I wonder if already published authors had those same naysayers in their life before being published. People  telling them in not so many words that dreaming of the New York Times Bestsellers list is dreaming too big. Aren't dreams supposed to be big? Isn't that why Sheldon from the Big Bang Theory watches the Nobel Prize awards?

What dreams are you afraid of voicing? Be brave: say it out loud and let the power of those words propel you towards your goal.

Tuesday, December 6, 2011

(Overdue) Advise from YallFest

A few things (serious and silly) that I picked up from YallFest Panels:

1. Root imaginary worlds in reality. Give your readers some signposts - it helps them connect to it.

2. Setting and landscape are super important, but don't forget about the time frame in which your story takes place. Time of day, time of year, decade, century is all important to keep in mind (even if it doesn't make it into the pages of your book).

3. Really bad writing comes from trying to write yourself: When we try to write ourselves, we're really not. We lack the distance and the result is something too perfect, or too self-debasing.

4. The usefulness of the slush pile is dwindling. Fewer and fewer books are making it out without being shredded. The solution? An Agent. It's becoming increasingly important to find an agent.

5. Finding an agent is like dating - find one who likes you and believes in your work. You don't want to go into business with someone who doesn't 'get' your work.

6. Immature poets imitate. Mature poets steal.

7. Carrie Ryan: The best weapon you can have in a zombie apocalypse is someone who runs slower than you.

8. If you're going back into history, take advantage of it. Go into the bigger cultural world.

9. Make sure your villain believes in what he/she is doing. Even the people you are vilifying need to make sense.

10. If you're stuck moving the plot forward, get out of your protagonist's head and enter your antagonist's.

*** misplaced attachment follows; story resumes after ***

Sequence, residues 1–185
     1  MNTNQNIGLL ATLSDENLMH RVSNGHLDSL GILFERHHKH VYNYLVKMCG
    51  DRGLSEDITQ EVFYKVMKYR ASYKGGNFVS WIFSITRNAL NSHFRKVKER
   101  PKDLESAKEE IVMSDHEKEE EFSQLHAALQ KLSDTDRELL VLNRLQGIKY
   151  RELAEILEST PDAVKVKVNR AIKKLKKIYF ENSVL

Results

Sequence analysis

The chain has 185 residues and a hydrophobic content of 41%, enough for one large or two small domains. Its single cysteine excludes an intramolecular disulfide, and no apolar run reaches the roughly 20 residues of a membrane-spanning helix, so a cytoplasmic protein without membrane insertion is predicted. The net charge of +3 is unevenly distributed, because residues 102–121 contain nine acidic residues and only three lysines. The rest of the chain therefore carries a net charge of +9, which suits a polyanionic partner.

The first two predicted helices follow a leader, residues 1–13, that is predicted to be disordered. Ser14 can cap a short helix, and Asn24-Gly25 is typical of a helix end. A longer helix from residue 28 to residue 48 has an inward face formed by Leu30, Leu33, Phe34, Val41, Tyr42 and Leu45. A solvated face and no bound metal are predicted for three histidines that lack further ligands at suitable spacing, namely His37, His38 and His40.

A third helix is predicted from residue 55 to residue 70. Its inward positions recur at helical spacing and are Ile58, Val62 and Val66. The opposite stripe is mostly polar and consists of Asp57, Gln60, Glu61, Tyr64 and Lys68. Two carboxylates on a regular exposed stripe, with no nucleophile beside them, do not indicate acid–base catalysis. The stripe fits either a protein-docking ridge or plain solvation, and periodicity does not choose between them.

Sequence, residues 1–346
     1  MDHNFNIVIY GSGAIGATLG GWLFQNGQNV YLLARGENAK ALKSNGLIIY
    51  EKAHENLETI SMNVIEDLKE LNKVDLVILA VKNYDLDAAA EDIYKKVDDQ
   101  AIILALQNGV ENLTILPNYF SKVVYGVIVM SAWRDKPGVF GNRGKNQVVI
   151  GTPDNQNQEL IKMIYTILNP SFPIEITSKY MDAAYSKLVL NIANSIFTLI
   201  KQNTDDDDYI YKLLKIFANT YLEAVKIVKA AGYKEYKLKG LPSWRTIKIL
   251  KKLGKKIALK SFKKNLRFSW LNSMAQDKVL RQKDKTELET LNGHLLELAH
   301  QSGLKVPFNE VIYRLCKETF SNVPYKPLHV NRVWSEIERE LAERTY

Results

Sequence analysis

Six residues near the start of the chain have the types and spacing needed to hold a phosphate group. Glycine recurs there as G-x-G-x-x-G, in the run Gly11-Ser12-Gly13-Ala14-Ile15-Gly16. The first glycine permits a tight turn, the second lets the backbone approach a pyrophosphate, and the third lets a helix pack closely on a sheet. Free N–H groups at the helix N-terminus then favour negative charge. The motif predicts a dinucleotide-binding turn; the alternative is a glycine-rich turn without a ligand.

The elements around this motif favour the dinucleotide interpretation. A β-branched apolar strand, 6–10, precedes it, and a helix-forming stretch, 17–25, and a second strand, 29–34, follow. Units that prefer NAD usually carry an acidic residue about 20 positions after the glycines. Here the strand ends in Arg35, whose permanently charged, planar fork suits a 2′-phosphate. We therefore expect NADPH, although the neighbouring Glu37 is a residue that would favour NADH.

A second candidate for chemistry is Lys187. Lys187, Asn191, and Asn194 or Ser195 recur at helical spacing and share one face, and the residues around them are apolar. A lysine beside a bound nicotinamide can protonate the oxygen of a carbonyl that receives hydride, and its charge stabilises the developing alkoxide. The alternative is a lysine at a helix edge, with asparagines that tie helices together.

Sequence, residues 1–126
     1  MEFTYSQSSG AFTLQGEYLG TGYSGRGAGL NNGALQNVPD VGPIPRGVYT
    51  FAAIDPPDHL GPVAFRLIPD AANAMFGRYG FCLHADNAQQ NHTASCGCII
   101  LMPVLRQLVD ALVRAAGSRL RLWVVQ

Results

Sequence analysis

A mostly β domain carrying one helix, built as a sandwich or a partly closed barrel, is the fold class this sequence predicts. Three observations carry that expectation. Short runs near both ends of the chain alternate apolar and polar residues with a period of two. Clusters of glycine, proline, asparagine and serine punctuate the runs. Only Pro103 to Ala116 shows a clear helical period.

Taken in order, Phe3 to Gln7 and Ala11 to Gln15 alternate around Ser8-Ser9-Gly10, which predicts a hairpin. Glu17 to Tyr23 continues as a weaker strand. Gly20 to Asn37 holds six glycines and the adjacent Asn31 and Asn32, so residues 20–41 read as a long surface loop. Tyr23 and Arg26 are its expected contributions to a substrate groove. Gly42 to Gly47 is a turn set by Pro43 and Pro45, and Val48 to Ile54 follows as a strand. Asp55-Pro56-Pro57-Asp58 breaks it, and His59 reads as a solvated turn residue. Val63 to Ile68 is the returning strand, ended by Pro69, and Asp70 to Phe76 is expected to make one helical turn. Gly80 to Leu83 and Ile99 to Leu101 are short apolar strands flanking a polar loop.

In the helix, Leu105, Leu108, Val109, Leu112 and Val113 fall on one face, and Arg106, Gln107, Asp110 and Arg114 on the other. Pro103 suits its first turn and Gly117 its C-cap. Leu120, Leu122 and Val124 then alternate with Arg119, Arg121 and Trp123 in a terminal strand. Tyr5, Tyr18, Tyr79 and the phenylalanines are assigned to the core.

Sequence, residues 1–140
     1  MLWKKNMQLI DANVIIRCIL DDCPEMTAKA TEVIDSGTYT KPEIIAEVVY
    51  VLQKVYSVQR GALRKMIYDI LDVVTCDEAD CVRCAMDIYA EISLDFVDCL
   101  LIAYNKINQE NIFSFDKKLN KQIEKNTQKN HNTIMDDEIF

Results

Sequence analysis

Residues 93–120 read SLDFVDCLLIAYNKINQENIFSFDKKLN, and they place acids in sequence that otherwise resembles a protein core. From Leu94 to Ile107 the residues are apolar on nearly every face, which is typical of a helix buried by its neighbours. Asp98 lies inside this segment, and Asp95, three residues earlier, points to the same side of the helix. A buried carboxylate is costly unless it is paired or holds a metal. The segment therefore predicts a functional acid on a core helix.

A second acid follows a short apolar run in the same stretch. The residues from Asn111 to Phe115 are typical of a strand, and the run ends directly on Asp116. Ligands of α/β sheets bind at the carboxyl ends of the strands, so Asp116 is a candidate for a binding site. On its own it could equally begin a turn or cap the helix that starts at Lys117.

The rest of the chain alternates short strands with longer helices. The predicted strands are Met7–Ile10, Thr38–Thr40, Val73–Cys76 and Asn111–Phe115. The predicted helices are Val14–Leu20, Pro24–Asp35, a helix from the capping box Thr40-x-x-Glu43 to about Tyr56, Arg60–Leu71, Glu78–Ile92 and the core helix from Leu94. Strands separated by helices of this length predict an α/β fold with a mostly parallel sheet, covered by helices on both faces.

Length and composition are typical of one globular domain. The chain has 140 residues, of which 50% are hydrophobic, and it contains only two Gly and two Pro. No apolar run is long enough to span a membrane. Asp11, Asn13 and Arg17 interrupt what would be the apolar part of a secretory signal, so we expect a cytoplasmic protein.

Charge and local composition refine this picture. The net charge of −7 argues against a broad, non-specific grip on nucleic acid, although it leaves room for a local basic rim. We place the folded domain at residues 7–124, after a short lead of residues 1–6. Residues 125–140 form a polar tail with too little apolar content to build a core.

11. Empathy is important: It's difficult to empathize with losing an entire nation, but very easy to feel for 2 or 3 people.

12. David Levithan: Writers don't peak, we just keep getting better with age (and experience).

13. Kami Garcia's fail-safe: Whenever the book is not working out you just need to add more making out.

Thursday, December 1, 2011

The End...of NaNo 2011

I discovered that trying to write an entire novel in a month and travel for a third of the time allotted is just plain crazy. Probably just the first part is crazy on its own, but here's a few lovely things that came out of my NaNo 2011 experience:

1. I wrote over 13,000 words this month! I think that whatever we accomplished deserves to be celebrated.
2. I found joy in writing again.
3. I started to write regularly. Three cheers for creating good habits! (Which may have been interrupted by 11 days of Thanksgiving travel.)
4. I have more defined goals when it comes to writing.
5. I have most of a book outlined. (Which is against NaNo's ideas - editing should start tomorrow morning. I started early and my word count suffered for it.)
6. I'm really excited to keep working on it!

Congratulations to all who participated in NaNo! Whether goals were met or not, I'm proud of us!

Personally, I will be focusing on creating a more sustainable writing schedule in December and January. Perhaps I'll do another word count push in February. Either way, I'll keep the counter going on the blog so you can see my progress. I am one who responds well to external motivation and knowing you're watching the counter will keep me thinking about pushing those numbers up.

How did you do? What did you learn? I'm anxious to hear!

Monday, November 14, 2011

Super Short NaNo Update

I just spent most of the morning organizing the nearly 12,000 words I had so far written, because I was getting lost in them. I have a more traditional outline going now and discovered something both funny and overwhelming. The first pages I wrote on November 1st were literally the MIDDLE of my book. I've been pushing to catch up with them and just when I thought I was getting close, I realized that I have three whole chapters more to write just to catch up to them. Not to mention the string of unfinished and half written chapters before that. The good news: When I catch up, I bet I'm close to 25,000 words. The bad news: That surely won't be today. How are you guys doing?